Introducing the Thermaltake Armor A30

It's pretty clear on our side of the fence that smaller enclosures and leaner builds are increasingly becoming the way to go for most users these days, with even die hard enthusiasts drawn to these smaller cases if for no other reason than to see just how much horsepower they can cram into a small form factor system. There are tradeoffs made in going small form factor, though, and if you go too small the cooling demands can produce system noise that may be too much for many users.

That's why there are slightly larger, Micro-ATX scale enclosures like the Thermaltake Armor A30. Thermaltake's case is designed to support a Micro-ATX motherboard and a substantial video card or two, and the cooling system is remarkably robust. Yet as it turned out, working with the A30 proved to be a remarkably fraught experience, with the case having split personalities. Cooling and acoustic performance were actually quite good, but the case itself is tough to recommend. So what happened?

Thermaltake is pretty well known in the industry for being especially press friendly, and given the demand for smaller, more powerful systems, we figured we'd check in with them and see what they had to offer. The Armor A30 turned out to look like a pretty exceptional option, and despite having been around for a little over a year it looked to be a fairly current and competitive offering. This was a case I specifically headhunted, as it's actually roughly the same size in volume as BitFenix's exceptionally popular Prodigy while featuring support for Micro-ATX builds as well.

Thermaltake Armor A30 Specifications
Motherboard Form Factor Micro-ATX, Mini-ITX
Drive Bays External 2x 5.25", 1x 3.5"
Internal 2x 2.5", 2x 3.5"
Cooling Front 90mm blue LED intake fan
Rear 2x 60mm exhaust fan
Top 230mm blue LED exhaust fan
Side -
Bottom -
Expansion Slots 4
I/O Port 1x USB 2.0, 1x USB 3.0, 1x eSATA, 1x Headphone, 1x Mic
Power Supply Size ATX
Clearances HSF 90mm
PSU 180mm
GPU 9.5" / 242mm
Dimensions 10.5" x 11.5" x 18"
266mm x 291mm x 456mm
Weight 14.8 lbs / 6.7 kg
Special Features USB 3.0 passthrough
Price $119

Because the A30 is about a year and a half old, I'm less inclined to ding Thermaltake for using a USB 3.0 passthrough instead of an internal header. What's surprising is the sheer weight of the enclosure. Thermaltake uses a decent amount of plastic, true, but an awful lot of steel. For an enclosure intended for LANs, the A30 is remarkably heavy and unfortunately does not include a handle. Its dimensions are appropriate to a more portable system, sure, but it starts at nearly fifteen pounds.

In and Around the Thermaltake Armor A30
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  • mattgmann - Monday, September 24, 2012 - link

    Sorry, but this case looks like it was pieced together from scraps of b-movie props and legos Reply
  • Performance Fanboi - Monday, September 24, 2012 - link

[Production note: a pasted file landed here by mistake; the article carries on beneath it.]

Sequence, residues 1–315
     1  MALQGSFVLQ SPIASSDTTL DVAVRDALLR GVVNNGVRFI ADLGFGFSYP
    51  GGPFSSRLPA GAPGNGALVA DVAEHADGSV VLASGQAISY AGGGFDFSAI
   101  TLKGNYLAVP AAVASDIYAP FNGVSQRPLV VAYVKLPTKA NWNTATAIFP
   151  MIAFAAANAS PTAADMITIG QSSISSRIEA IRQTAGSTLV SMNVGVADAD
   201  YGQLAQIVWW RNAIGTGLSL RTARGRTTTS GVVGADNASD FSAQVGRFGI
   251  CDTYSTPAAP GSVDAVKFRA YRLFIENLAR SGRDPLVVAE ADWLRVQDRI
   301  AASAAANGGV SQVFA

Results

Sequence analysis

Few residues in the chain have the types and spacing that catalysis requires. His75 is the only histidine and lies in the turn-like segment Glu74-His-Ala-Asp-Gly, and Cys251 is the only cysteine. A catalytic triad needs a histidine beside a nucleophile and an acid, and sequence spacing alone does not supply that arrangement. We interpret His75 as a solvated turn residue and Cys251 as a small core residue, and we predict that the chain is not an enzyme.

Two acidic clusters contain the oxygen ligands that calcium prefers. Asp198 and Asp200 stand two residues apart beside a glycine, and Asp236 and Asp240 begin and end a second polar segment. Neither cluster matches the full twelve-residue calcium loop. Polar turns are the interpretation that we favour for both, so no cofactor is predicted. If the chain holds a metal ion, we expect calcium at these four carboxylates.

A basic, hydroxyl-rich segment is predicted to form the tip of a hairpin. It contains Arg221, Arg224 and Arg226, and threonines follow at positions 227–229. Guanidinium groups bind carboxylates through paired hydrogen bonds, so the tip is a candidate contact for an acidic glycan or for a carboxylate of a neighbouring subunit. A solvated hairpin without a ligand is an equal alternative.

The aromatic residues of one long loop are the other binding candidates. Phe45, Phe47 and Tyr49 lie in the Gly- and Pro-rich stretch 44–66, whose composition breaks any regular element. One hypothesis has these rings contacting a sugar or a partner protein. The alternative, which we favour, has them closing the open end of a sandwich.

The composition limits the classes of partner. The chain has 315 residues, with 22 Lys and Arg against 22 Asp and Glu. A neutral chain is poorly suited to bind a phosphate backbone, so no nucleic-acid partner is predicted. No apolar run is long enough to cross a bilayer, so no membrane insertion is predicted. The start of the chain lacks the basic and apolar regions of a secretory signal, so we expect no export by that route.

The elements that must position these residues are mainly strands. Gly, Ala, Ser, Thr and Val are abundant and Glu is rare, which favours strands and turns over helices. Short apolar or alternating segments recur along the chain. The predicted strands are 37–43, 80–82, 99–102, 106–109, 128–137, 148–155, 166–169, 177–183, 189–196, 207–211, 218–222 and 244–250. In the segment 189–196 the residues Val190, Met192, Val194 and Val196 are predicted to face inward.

Fugly as hell, and don't call it a LAN case if you don't put a handle on it. Reply
  • espaghetti - Tuesday, September 25, 2012 - link

    Exactly what I was thinking!
    I'm sitting next to my 900 wondering why they chopped it in half and reversed the window and fan intake on the side panel.
    Reply
  • Grok42 - Tuesday, September 25, 2012 - link

    I really appreciate any and all reviews of SFF cases. Even when they don't turn out to be the perfect case like the A30, it really helps those looking for SFF cases. Reviewing them gets more people thinking about building a SFF system and drives adoption forward. We have plenty of top notch mid-ATX cases, we need better mATX and mITX cases.

    Also, as someone who works for an electronics manufacture myself, I can tell you that reviews like these are read and can seriously change the course of future products. I know I read every review, user review and forum post on the product we make and I'm sure cases manufactures do the same.
    Reply
  • Geekgurl82 - Tuesday, September 25, 2012 - link

    I won a Thermaltake Armor A30 a couple years ago from a PDXLAN, I already had a ATX box so I was pretty excited for my new case. It was NOT easy to deal with however it is still running and going strong. It is now technically modded and pretty awesome if I do say so myself!

    Core I7 990x
    Thermaltake water 2.0
    MSI X58M mATX
    6gb DDR3 1600
    1.5 TB Standard HDD's
    Radian 6970 Crossfire
    Reply
  • infoilrator - Wednesday, September 26, 2012 - link

    The A30 does show "could be better" aspects. You always come to "the cooling works, and it fits a decent mATX rig.
    Sometimes it is "not how well it works" but that "it works at all.
    Several newer cases do not cool near as well.
    Bought one used from a reviewer, I like it.
    True, I've rebuilt industrial machinery in my day, lol.
    Reply

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